Those are words that have been said millions of times. Each of us have said them a thousand times following various screw ups, even. But hearing those words out of Armando Galarraga's mouth this morning impacted me in a new way.
Galarraga pitches for the Detroit Tigers. He's not a great pitcher. Probably not even a good pitcher (compared to other major leaguers, of course). But he pitched the game of his life last night. He was on the verge of history. Attempting to throw the 21st perfect game in major league history, he entered the bottom of the 9th having retired all 24 Cleveland hitters who had stepped to the plate. The 25th man to the plate was Mark Grudzielanek (stop trying to pronounce it. it's not that important) and he hit a blast into the left-center field gap. Centerfielder Austin Jackson ran faster than I'm sure he has ever run before and made an unbelievable over-the-shoulder catch to keep the perfect game alive. The next batter grounded out harmlessly to short. Then this happened...
Umpires, referees, and officials in general catch blame for losses daily. Rarely are those accusations accurate, though. But in this case, the umpire, Jim Joyce, cost a pitcher his perfect game. That out would have ended the game and secured Galarraga's place in history. Joyce is an excellent excellent umpire, too. He has twice been voted the second best umpire in the game....by the players. I'm gonna assume that this is not the first incorrect call that he has made but I am positive that no one will remember any of them better than that one.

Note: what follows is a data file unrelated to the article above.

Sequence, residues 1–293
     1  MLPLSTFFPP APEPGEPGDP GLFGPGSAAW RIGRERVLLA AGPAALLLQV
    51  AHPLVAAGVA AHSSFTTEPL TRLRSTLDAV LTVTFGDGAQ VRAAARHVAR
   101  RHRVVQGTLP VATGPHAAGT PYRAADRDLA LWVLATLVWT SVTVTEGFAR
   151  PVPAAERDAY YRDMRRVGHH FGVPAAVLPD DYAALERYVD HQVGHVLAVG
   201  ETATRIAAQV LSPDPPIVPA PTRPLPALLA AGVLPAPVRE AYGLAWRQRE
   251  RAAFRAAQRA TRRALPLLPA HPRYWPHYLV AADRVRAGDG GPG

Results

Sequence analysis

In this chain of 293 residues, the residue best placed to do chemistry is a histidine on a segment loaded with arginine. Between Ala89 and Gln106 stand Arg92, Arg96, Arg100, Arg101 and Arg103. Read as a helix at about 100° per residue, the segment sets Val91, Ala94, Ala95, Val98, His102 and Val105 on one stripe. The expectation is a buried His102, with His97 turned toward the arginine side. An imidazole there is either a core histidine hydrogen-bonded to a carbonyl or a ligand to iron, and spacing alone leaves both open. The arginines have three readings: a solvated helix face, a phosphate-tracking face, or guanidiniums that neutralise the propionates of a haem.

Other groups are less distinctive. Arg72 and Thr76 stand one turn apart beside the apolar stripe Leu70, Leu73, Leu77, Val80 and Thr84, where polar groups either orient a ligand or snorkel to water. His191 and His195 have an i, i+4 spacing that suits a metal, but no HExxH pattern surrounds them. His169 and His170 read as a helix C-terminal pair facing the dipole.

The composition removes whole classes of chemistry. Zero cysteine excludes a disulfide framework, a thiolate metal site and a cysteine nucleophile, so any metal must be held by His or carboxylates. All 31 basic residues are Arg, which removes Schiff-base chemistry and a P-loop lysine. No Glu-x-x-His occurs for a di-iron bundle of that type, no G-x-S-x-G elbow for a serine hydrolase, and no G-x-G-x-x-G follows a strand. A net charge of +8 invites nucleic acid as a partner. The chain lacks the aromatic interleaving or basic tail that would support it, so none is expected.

You could see the disappointment in all of the Tigers' faces. You would have expected Galarraga to explode in rage after the call was made. He had to know that Jason Donald was out. He had to feel his foot hit the bag before Donald's. But he didn't erupt. The camera caught him smiling in an almost awkward stare down with Joyce. And in the locker room, before showering off, he uttered those words-"no one's perfect"- to a reporter who, undoubtedly, was looking for an expletive filled quote from the pitcher. He was still sweaty from the action of the game but did have a few extra minutes to let the realization sink in that his perfect game had been taken away by a bad call. A time that most people would use to become enraged about the whole situation. Not him. And how fitting it is that he said "no one's "perfect."
He never showed one bit of frustration toward Joyce. Possibly because Joyce found him in the locker room after the game- immediately after the umpire watched the replay of the call- and embraced the pitcher and wrapped him in a hug and began sobbing. He apologized repeatedly. He admitted his mistake and showed how awful he felt about the situation. And today, in a much more public form, Galarraga showed that he had no hard feelings by delivering the lineup card to Joyce at home plate. The delivery of the lineups is generally done by the coaches, all umpires are present, and the event signifies it's time to start the game so all eyes were on home plate at that time. It was a simple gesture but one that brought Joyce to tears again.
Galarraga showed more forgiveness than was required. No one would have been shocked if he had showed anger or frustration towards Joyce. But he took the high road. He showed the courage and integrity that I hope I would be able to show. That I should be able to show. That I fail to show again and again. He set an example for players to follow. He set an example for fans to follow. He set an example for Christians to follow. He set an example for me to follow.
Galarraga managed to turn something devastating into the most positive, encouraging thing of the year. A quality that I strive to obtain.